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Unexpected equipment failures can cause costly interruptions in your process flow, damage to equipment and product losses. Downtime may also divert personnel from their preventive maintenance (PM) duties. These consequences may result in expensive overtime hours and reduced PM completion rates. In extreme cases, this can eventually lead to a chaotic "run-to-fail" cycle.
The best way to track equipment downtime is with a computerized maintenance management system (CMMS). Although many of these programs use a work order system to track downtime, a CMMS with a dedicated downtime module can result in better analysis and reporting of equipment problems and trends. It doesn't make sense to record an instance of equipment failure as work. Of course, a corresponding work order is usually created to correct the failure. Nevertheless, an instance of work and an instance of failure should be kept as separate records.
When collecting downtime data, it is important to determine how the downtime is logged. Are downtime cause fields user-defined and easy to understand? Some maintenance operations prefer a more general failure cause naming convention. Examples might include "electrical," "mechanical," "operational," etc. Other managers may prefer more descriptive cause definitions such as "blown fuse(s)," "operator error" or "water in electrical." Either way is acceptable if it suits the maintenance manager's requirements. However, a more descriptive failure cause will lead to a more accurate analysis of downtime later.
Logging the actual time the equipment is down is important, but what about other losses attributed to this event? In many cases, product losses due to equipment failures, employee overtime and other bottom-line factors outweigh the direct maintenance costs for downtime. A good downtime tracking system must consider all of these factors.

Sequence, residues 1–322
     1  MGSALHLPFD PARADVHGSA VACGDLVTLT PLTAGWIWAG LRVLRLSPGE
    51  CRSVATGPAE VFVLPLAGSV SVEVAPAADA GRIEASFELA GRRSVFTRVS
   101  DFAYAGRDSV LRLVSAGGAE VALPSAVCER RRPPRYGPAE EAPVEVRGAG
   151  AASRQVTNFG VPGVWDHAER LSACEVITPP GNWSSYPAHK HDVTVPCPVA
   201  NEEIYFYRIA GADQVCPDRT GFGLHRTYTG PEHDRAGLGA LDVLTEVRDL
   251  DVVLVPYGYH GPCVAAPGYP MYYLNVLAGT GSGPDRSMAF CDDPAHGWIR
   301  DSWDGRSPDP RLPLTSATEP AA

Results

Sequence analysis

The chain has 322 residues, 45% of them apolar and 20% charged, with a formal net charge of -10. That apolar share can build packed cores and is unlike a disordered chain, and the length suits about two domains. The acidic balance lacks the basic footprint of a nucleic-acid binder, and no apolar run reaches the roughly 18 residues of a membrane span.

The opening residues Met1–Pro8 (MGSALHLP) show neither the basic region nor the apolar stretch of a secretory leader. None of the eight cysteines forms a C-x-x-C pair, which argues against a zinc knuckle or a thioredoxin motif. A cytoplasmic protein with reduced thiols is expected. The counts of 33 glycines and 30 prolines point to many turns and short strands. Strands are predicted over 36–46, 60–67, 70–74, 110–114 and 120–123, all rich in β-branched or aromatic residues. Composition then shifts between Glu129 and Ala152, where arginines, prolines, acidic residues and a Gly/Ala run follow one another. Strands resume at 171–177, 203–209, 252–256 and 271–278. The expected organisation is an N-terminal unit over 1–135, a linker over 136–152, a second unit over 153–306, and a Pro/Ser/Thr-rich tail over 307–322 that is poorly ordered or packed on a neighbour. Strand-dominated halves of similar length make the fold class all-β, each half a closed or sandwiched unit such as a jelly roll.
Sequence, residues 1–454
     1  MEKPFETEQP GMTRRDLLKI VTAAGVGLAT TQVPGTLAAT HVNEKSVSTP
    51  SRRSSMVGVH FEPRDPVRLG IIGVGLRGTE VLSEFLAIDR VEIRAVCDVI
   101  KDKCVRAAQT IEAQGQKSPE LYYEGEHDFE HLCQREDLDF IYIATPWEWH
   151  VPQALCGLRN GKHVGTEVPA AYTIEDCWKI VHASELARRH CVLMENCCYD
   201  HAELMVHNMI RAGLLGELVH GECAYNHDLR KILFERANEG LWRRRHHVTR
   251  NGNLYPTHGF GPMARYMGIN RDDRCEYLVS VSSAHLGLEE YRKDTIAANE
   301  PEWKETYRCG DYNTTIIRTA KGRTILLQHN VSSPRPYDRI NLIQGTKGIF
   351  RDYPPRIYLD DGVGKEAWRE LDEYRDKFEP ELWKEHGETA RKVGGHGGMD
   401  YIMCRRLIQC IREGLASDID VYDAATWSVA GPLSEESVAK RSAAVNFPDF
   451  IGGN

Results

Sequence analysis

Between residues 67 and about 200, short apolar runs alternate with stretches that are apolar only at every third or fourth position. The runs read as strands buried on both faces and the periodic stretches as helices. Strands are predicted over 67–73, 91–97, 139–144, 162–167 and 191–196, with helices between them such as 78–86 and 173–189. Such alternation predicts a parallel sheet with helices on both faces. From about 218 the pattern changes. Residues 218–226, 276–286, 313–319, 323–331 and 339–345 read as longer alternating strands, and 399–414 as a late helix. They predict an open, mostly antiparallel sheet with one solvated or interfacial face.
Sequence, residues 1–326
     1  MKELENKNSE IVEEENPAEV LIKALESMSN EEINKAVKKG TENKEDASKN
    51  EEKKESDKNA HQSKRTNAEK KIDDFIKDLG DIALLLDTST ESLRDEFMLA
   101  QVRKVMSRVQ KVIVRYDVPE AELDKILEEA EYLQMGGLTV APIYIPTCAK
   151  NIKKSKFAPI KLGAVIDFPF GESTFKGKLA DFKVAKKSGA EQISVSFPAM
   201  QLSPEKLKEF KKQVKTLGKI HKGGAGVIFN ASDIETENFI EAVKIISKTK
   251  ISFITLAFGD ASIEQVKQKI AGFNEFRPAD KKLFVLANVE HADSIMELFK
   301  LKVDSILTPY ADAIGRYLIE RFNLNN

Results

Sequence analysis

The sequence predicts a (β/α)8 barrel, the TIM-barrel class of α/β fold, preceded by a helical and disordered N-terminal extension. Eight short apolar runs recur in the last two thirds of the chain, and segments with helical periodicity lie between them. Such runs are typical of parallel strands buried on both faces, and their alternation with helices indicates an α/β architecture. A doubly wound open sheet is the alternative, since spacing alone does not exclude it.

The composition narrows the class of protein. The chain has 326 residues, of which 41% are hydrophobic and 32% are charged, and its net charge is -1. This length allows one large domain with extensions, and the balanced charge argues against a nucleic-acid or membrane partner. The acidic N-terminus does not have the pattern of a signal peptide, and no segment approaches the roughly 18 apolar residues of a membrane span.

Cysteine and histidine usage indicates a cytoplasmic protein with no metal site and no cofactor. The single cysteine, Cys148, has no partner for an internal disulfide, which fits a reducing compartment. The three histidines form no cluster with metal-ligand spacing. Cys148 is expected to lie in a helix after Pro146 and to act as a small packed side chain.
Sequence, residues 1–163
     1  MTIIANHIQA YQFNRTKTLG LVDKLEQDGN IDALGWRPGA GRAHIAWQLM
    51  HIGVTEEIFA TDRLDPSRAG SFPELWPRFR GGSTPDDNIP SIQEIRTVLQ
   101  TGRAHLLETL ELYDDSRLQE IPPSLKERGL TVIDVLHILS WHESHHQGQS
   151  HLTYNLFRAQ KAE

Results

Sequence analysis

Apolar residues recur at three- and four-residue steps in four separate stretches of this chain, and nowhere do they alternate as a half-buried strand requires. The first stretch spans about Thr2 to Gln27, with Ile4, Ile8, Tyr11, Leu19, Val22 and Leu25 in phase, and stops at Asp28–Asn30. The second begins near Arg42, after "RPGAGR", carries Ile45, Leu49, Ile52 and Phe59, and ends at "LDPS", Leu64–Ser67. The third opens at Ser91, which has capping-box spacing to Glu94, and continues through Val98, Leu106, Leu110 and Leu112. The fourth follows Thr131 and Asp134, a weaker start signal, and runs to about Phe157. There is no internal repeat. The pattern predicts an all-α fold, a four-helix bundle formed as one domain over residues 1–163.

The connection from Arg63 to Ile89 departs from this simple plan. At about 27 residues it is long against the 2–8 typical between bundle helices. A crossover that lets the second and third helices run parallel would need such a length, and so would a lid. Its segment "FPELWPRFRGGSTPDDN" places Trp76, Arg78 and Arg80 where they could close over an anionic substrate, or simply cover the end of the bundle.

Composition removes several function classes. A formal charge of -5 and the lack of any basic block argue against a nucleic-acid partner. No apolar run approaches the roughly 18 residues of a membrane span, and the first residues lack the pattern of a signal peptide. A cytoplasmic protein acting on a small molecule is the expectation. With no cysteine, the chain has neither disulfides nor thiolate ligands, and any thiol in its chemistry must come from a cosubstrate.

Downtime data is valuable for many reasons. First, by understanding downtime trends, you can prioritize and implement corrective action to prevent additional equipment failures. A CMMS that can track downtime fields like the maintenance shift and geographical location will further empower the maintenance manager's decision-making. Perhaps downtime is disproportionate during a certain production shift. This could be resolved with training and have nothing to do with maintenance efforts.
Downtime data can also help the maintenance manager prioritize preventive maintenance and equipment replacement. Justifying equipment replacement can now be verifiable and simplified. Statistical analysis, reporting and charting of downtime history will reveal equipment breakdown trends. These trends can then be used to guide your preventive and remedial efforts.
Tracking downtime has a profound effect on how, when and where maintenance resources are used. The time invested in logging equipment downtime can also be easily justified by the time- and money-saving benefits to the maintenance department and the organization as a whole.
Daniel Cook is the vice president of development for MaintSmart CMMS Software. He has spent more than 25 years in maintenance, including 15 years as a maintenance manager.